That one thing is themselves. And anyone who’s ever had a teenage child knows that is absolutely true, so whenever you are thinking about changing someone else, you have to think there is only one thing you can change, what we do, what we say, how we think, how we go about doing business. So, it has to encompass that. So, this dynamic of organizational and personal change is a good one to explore, it seemed to resonate with people here, I think. We’ll see.

   

5. You talked about NUMMI and what happened at the NUMMI plant which is the stuff of legends, so how did a lot of that personal change happen within that organizational change?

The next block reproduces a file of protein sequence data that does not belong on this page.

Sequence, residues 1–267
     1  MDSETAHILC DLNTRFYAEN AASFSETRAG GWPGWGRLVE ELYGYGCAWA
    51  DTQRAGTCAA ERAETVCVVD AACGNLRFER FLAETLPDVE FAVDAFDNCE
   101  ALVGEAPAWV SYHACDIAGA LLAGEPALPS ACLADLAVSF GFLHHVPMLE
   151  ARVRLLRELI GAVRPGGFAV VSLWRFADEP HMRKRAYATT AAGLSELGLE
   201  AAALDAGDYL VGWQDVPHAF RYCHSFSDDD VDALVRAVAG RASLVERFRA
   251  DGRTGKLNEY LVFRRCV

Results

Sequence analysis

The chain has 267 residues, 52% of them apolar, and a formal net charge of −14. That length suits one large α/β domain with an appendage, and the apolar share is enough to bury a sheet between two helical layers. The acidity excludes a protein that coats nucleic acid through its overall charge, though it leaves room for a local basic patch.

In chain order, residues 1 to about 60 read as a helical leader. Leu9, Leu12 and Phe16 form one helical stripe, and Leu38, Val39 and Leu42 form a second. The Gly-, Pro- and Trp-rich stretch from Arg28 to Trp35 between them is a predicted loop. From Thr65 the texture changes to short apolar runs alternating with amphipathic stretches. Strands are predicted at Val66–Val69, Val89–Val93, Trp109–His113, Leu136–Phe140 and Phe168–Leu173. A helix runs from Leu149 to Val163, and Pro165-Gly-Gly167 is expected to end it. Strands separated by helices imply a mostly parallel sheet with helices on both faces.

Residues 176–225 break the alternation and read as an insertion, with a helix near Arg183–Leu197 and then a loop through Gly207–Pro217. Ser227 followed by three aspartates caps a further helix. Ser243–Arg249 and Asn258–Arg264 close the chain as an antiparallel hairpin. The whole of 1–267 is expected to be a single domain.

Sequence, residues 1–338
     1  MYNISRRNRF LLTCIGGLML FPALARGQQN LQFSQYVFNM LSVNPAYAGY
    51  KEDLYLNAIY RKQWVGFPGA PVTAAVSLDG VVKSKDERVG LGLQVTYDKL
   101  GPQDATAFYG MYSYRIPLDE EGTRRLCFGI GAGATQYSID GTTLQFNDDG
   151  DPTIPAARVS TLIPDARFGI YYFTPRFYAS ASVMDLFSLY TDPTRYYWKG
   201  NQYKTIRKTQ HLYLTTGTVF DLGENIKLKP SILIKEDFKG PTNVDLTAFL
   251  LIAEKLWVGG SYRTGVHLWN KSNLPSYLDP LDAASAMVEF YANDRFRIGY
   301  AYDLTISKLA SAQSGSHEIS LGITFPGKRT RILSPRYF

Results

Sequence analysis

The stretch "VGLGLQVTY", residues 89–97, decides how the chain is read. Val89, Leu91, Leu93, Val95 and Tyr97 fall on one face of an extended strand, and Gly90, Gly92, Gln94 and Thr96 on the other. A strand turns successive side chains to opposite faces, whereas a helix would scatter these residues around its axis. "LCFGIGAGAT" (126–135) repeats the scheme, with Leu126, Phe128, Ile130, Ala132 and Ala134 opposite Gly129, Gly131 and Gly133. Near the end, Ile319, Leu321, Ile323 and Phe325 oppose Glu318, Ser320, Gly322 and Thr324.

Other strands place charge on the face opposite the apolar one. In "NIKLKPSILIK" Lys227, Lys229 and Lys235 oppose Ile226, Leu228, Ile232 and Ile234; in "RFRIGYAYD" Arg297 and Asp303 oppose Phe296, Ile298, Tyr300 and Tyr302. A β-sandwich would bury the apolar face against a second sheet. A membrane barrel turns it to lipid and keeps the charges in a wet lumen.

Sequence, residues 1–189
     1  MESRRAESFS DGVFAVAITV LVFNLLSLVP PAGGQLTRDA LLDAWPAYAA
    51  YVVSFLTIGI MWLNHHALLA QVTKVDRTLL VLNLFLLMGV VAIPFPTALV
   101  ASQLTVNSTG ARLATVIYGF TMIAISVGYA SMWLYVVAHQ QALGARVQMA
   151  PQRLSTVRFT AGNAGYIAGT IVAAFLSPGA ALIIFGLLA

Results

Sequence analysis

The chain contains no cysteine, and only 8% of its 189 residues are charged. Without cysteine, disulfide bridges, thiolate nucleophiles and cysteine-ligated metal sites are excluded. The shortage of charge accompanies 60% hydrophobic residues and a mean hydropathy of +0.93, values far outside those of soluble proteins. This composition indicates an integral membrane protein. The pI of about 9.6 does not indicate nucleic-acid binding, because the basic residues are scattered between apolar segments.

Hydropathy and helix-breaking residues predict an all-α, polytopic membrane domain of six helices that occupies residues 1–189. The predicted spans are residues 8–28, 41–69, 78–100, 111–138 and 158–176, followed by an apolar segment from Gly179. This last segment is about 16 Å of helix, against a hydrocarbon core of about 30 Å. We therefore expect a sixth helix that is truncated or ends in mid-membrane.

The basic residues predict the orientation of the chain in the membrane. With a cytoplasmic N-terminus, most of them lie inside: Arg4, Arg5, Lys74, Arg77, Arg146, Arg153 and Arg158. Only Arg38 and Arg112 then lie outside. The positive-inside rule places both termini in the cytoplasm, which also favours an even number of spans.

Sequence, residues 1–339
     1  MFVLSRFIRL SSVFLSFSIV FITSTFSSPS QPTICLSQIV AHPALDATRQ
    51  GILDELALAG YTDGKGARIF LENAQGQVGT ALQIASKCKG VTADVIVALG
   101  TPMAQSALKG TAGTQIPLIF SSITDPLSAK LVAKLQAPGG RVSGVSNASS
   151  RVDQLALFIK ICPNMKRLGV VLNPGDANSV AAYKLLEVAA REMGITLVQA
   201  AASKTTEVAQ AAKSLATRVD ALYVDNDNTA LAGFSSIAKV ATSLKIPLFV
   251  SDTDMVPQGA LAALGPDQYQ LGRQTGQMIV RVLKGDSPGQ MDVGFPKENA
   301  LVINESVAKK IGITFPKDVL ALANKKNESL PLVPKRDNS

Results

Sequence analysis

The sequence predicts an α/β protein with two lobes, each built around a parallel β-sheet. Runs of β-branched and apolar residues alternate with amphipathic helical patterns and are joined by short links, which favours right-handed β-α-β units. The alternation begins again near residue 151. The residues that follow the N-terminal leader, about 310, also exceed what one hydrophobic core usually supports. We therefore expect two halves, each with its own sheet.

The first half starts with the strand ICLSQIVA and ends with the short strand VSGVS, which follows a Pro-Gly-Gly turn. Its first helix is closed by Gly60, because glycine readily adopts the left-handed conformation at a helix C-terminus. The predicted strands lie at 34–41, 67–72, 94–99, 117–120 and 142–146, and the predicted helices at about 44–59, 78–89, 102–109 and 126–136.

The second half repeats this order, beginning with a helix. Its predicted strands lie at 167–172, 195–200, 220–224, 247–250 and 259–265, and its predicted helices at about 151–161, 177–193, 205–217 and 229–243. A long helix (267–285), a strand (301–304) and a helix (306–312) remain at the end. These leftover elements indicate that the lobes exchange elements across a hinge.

How did that personal change happen within NUMMI, which is a famous story, I think it can be even more famous and I think a deep dive into the nature of that, which is what you are asking about, is really important. One of the first things that happened I think it was the worst plant in the world, the worst factory in the world, worst workforce in the world by reputation and the first thing I think we did to people there, we had a conversation, said that you don’t have to suck, nobody goes to work wanting to suck, everyone would like to go home and feel better about the job they did. And even at a worst site and workforce like that where you would have workers that would intentionally sabotage product, certainly would not try to work with the management there, there were different cafeterias and dining halls for the executives to eat with white table cloths versus the union workers, separate parking lots, there was no mutual trust and we said we need to establish mutual trust somehow and that begins with mutual caring and so we have to say and actually mean that we want to help each person be successful in their work. And then we gave them the means, the ability to do that.